How to Market Your Photography Business with Client Testimonials
What do peer pressure, keeping up with the Joneses, and Amazon’s customer reviews section all have in common? Social proof, baby. Social proof, also known as informational social influence, is a psychological phenomenon where people assume the actions of others in an attempt to reflect correct behavior for a given situation (wikipedia) and it can be a powerful tool for marketing.
According to Kiss Metrics, over 70% of Americans say they look at product reviews before making a purchase. Being inherently social creatures, we trust our friends (and even total strangers) to help us decide whether or not we’re getting a good product. Smart photographers use the principles of social proof to market their businesses. One of the easiest and low-cost ways to use social proof, is to collect and share client testimonials. Here a few tips for harnessing the power of social proof to market your photography business with client testimonials.
I hadn’t asked for testimonials for a long time, but after some prodding from my business coach I incorporated asking for testimonials into my workflow. An unexpected result of reading testimonials from my clients was a boost to my confidence and an affirmation that intentional actions I’ve been taking in my business are working. It showed our clients are noticing things like over-delivering on our promises, listening to their needs, being flexible, having systems in place to make business transactions easy, and delivering professional quality photographs (of course). If I hadn’t asked my clients for a review I never would have known they noticed and appreciated these aspects of our service.
Send a Questionaire
The easiest way to get a testimonial from your client is to ask them to write one, and making it quick and easy for them to write the review is key.
Try creating a branded client questionnaire (I use 17 Hats) to send to clients after their images have been delivered. Ask specific questions to elicit a response about the aspects of your business you want to highlight. The questionnaire also gives them a chance to let you know if any part of their experience could have been better. This can be valuable information for improving your customer service.
After you collect the reviews, you can post them around your social media, website, printed literature, video slideshows, presentations, your email signature, ads, etc., to strengthen your brand and further build social proof. Since I’ve been doing this, my inquiries and referrals have measurably increased.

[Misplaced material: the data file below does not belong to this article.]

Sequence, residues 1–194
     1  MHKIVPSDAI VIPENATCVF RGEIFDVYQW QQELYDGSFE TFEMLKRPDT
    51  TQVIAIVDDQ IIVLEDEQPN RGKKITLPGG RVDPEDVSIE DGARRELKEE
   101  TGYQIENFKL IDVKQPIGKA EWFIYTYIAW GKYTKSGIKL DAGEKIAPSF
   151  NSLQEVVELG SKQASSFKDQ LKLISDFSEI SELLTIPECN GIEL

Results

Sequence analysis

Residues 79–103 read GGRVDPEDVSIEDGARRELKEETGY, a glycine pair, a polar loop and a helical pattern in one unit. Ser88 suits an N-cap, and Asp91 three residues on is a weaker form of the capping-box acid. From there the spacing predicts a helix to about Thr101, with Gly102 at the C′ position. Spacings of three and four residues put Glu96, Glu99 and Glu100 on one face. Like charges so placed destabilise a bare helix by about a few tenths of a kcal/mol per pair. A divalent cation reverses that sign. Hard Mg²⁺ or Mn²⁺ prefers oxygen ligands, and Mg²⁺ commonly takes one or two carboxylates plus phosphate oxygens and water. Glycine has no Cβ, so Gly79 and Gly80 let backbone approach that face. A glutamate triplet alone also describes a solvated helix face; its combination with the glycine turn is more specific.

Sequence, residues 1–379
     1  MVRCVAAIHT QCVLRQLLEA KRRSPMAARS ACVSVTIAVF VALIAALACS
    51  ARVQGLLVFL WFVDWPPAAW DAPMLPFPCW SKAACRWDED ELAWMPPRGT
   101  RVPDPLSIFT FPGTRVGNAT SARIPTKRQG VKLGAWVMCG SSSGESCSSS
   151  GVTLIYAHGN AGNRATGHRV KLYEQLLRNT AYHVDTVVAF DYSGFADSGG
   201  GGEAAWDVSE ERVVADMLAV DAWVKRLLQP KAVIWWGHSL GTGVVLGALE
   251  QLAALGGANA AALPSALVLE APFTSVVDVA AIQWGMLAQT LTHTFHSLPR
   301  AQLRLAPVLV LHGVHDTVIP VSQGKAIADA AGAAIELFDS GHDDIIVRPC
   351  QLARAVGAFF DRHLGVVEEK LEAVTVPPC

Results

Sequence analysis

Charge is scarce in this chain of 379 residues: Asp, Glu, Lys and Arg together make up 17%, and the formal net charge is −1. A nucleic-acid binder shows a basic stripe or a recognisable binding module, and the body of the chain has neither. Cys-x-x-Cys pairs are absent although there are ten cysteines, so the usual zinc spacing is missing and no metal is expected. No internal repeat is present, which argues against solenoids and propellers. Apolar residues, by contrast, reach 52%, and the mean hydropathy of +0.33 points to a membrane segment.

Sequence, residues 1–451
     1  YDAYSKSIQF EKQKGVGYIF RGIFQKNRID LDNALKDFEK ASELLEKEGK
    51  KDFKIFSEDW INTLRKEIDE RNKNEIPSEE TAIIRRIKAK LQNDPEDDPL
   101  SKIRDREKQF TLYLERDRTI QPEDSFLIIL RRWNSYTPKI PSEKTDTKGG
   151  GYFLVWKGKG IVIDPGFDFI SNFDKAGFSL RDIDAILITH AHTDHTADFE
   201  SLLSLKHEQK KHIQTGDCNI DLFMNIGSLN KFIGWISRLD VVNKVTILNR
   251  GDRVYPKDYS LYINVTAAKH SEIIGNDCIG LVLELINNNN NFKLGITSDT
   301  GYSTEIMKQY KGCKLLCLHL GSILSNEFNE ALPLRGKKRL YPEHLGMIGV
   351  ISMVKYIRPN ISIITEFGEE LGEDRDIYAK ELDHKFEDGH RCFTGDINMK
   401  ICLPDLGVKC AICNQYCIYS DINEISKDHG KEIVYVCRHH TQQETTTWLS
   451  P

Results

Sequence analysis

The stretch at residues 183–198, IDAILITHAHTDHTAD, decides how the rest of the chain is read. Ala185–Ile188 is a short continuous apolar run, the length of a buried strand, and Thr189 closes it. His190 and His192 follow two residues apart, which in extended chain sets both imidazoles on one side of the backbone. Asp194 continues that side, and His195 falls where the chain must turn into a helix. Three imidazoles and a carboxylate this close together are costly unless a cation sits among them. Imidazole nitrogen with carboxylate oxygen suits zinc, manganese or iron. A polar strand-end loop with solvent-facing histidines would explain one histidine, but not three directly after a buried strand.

Facebook and other social sites have built-in customer review platforms where your clients can share their experiences. This can be a little more risky than asking for a written review via questionnaire because you can’t edit it. This also makes it more valuable, because the social proof is stronger. If you decide to go this route, you’ll still need to reach out to your clients and ask them to leave a review. Make it easy for them to do it by sending them a link to your page and asking them to leave a positive review if they enjoyed their experience. Reiterate to them how important referrals are to your business and if they have anything negative to say ask them to bring it up with you privately so you can make it right.
What if you get a bad review?
Oy! A negative review can be even more powerfully influential social proof not to buy than a positive review can be for buying. Avoiding negative reviews by always delivering the best product and service is ideal but sometimes certain customers are hard to please or maybe you really did mess up. If you get a bad review on Facebook or other social site, sometimes you can contest it by contacting customer service. You can also contact the customer directly and ask them to remove or change the review after you’ve done everything you can to remedy the situation. If that doesn’t work, make sure you have as many positive reviews as possible in the same place to counter the negative review.
For more tips on wowing your clients with amazing customer service, check out the Wedding Photography Communication & Planning Workshop, where you’ll learn how to book clients and guarantee a great experience .
If you have the time, and willing clients, capturing their testimonials on video or having them create their own will be like pure gold for your business. Social proof is exponentially increased when your client can see a face and hear a voice endorse a product or service, especially if it’s a person they know and want to be like. It’s quick and easy to combine video clips and photos to make short testimonial videos using Animoto. Have you made a client testimonial video? Post a link to it in the comments. I would love to see it.
Even more powerful than your client’s review on your website or social media page would be a positive review or endorsement on theirs. If someone takes the time and effort to sing your praises on their territory or refer a friend in private, it’s perceived as very solid social proof they really loved the product or service they received. Asking your client to share their testimonial with their following might feel weird, but if you don’t ask, chances are they won’t share (unless they’re one of a select few who naturally like to promote others). Gather up some courage and ask your clients to endorse you and refer you to their friends by posting on their social media or blog or by giving your business card to friends. You can do it! The results will surprise you.
For more information about social proof and how to use it to boost your visibility online, check out our SEO for Photographers ebook. The following articles are also helpful resources for learning to market your photography business.
Tanya Goodall Smith
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